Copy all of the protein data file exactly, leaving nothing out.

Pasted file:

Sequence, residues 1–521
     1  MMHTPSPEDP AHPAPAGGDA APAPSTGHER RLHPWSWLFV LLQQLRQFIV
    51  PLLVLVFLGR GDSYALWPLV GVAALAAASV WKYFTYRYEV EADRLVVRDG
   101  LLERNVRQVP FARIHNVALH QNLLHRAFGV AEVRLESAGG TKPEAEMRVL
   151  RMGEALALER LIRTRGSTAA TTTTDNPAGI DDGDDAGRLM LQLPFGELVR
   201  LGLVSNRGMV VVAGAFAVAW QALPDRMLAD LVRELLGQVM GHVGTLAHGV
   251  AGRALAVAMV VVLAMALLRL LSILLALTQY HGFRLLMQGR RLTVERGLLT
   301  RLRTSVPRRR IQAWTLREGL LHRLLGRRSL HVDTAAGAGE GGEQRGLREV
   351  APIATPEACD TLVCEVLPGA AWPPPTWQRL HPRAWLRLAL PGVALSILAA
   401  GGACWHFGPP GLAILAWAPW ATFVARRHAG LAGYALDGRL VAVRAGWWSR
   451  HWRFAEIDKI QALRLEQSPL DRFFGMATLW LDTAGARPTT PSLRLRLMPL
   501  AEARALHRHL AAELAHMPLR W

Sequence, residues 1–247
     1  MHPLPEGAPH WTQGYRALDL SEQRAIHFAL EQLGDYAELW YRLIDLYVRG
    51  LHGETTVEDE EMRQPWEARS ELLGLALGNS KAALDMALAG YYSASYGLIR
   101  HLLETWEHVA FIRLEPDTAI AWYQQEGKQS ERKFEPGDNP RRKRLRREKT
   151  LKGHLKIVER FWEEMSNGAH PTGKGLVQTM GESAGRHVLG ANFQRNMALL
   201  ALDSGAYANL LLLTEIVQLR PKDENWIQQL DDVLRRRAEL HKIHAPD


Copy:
Sequence, residues 1–521
     1  MMHTPSPEDP AHPAPAGGDA APAPSTGHER RLHPWSWLFV LLQQLRQFIV
    51  PLLVLVFLGR GDSYALWPLV GVAALAAASV WKYFTYRYEV EADRLVVRDG
   101  LLERNVRQVP FARIHNVALH QNLLHRAFGV AEVRLESAGG TKPEAEMRVL
   151  RMGEALALER LIRTRGSTAA TTTTDNPAGI DDGDDAGRLM LQLPFGELVR
   201  LGLVSNRGMV VVAGAFAVAW QALPDRMLAD LVRELLGQVM GHVGTLAHGV
   251  AGRALAVAMV VVLAMALLRL LSILLALTQY HGFRLLMQGR RLTVERGLLT
   301  RLRTSVPRRR IQAWTLREGL LHRLLGRRSL HVDTAAGAGE GGEQRGLREV
   351  APIATPEACD TLVCEVLPGA AWPPPTWQRL HPRAWLRLAL PGVALSILAA
   401  GGACWHFGPP GLAILAWAPW ATFVARRHAG LAGYALDGRL VAVRAGWWSR
   451  HWRFAEIDKI QALRLEQSPL DRFFGMATLW LDTAGARPTT PSLRLRLMPL
   501  AEARALHRHL AAELAHMPLR W

Sequence, residues 1–247
     1  MHPLPEGAPH WTQGYRALDL SEQRAIHFAL EQLGDYAELW YRLIDLYVRG
    51  LHGETTVEDE EMRQPWEARS ELLGLALGNS KAALDMALAG YYSASYGLIR
   101  HLLETWEHVA FIRLEPDTAI AWYQQEGKQS ERKFEPGDNP RRKRLRREKT
   151  LKGHLKIVER FWEEMSNGAH PTGKGLVQTM GESAGRHVLG ANFQRNMALL
   201  ALDSGAYANL LLLTEIVQLR PKDENWIQQL DDVLRRRAEL HKIHAPD